I decided to stay in on Sunday morning in order to get some work done. Bad decision - before I knew it, David Campbell was doing damage at the wetland centre with Iceland and Caspian Gulls. I spent the rest of the afternoon working the river, dodging the at times biblical rain showers, and saw little more than the usual two Yellow-legged Gulls - the aberrant bird was observed on the river for the first time near Hammersmith Bridge while the regular bird at Chiswick Eyot was showing well.



Yellow-legged Gull, Chiswick Eyot, 5 March 2017

A visit to Beddington Monday morning was productive with six Caspian Gulls (four 2cy and two 3cy), including the pallid, yellow-ringed 'X319', which was seen on the Thames in East London by Rich et al on numerous occasions before it became regular at Beddington.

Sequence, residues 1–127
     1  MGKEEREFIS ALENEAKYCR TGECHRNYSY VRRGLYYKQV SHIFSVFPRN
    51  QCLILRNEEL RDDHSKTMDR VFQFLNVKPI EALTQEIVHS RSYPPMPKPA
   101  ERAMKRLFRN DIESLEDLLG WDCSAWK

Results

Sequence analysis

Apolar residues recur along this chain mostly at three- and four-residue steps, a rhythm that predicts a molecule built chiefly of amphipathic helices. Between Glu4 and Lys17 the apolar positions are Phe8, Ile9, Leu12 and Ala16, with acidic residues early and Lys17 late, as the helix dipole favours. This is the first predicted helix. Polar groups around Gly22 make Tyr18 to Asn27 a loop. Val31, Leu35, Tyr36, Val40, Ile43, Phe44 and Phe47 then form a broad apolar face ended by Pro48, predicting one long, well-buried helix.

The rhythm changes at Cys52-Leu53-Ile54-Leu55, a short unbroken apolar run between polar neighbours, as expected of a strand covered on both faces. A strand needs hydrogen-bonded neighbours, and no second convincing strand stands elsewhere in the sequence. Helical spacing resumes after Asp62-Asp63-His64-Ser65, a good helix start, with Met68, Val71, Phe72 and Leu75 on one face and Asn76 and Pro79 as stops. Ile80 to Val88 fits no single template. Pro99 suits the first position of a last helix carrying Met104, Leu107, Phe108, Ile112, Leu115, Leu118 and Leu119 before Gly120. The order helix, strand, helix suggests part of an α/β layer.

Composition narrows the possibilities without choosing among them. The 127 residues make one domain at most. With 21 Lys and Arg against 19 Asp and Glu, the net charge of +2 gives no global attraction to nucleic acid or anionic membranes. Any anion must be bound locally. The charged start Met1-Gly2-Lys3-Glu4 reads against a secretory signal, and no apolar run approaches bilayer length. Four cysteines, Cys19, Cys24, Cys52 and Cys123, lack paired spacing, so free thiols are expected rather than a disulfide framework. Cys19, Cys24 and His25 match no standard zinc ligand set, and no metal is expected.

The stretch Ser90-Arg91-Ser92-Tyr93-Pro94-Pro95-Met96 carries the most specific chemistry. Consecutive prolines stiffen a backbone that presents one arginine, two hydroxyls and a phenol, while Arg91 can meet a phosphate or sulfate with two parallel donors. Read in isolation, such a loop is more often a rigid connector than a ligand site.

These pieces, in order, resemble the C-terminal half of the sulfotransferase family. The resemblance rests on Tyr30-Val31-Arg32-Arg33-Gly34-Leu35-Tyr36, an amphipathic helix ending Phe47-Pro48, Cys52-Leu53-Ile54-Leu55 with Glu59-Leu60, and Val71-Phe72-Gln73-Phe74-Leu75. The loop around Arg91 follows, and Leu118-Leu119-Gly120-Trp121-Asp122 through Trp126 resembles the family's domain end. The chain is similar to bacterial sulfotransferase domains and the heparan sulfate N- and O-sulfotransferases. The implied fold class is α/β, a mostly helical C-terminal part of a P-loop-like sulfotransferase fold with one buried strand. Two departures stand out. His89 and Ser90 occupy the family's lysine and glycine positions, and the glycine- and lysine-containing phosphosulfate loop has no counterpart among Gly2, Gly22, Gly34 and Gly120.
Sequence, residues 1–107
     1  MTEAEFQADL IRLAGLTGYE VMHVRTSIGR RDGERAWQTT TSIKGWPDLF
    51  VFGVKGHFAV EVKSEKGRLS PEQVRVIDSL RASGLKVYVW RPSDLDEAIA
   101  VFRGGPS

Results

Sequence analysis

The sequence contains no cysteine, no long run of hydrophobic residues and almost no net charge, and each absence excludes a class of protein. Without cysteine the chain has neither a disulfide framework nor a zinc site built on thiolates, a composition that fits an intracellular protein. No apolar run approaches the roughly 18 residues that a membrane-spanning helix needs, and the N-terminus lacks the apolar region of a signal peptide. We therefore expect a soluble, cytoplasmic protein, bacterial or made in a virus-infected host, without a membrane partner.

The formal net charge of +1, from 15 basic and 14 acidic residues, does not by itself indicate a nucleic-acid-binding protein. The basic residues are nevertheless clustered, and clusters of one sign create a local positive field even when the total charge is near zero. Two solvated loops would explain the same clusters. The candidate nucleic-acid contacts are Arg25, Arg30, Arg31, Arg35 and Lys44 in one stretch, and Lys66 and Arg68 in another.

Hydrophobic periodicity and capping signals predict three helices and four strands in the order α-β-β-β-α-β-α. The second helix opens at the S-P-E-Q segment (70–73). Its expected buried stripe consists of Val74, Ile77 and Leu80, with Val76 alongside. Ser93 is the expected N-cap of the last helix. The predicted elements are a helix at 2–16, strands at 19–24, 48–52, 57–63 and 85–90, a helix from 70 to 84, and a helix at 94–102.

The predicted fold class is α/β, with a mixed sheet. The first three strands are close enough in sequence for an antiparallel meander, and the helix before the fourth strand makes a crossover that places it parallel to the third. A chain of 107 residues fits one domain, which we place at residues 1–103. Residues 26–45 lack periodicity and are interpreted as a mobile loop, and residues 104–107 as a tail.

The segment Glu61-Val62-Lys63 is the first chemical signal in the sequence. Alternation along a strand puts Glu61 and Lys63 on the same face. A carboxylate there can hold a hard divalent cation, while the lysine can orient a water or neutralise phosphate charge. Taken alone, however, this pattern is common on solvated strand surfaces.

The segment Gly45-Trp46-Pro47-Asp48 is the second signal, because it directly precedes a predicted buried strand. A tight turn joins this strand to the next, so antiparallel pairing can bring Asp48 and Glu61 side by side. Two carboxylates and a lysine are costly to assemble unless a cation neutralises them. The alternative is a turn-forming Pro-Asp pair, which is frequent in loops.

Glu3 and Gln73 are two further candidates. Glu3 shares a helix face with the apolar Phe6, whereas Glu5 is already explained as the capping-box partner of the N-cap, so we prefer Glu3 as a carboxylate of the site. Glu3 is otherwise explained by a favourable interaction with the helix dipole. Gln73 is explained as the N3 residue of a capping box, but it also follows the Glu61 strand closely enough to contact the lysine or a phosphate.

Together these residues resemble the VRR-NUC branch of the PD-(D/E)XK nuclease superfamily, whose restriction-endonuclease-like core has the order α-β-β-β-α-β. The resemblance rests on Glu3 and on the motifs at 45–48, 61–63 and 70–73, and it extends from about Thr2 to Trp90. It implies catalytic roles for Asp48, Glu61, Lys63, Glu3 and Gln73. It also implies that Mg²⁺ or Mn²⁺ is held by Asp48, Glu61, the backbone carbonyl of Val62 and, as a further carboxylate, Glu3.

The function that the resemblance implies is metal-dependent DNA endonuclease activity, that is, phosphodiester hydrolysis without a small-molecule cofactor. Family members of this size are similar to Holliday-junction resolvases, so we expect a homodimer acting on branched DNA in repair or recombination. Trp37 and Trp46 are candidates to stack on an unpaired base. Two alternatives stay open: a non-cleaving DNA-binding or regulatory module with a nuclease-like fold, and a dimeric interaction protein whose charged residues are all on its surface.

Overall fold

Confiding 2cy Caspian Gull at Beddington, 6 March 2017

A quick check of the gulls along the Thames between Fulham and Chiswick in the afternoon produced very little, aside continuing Dutch Black-headed Gull 'EE5T' and a German Common Gull, 'ALJJ'. This bird was ringed as pullus on Heligoland in summer 2015 and mine is the first sighting of it since!


3cy Common Gull 'ALJJ', Fulham, 6 March 2017

Friday, 3 March 2017

Good gulling at Beddington

Thanks to a kind invite from David Campbell, I went to spent a few hours sifting through the gulls at Beddington. It was my first visit there since April 2007, the day after the Glaucous-winged Gull was seen, and it's fair to say the site has changed somewhat - not least the construction of a hideous incinerator that is set to be a massive and permanent blot on the skyline.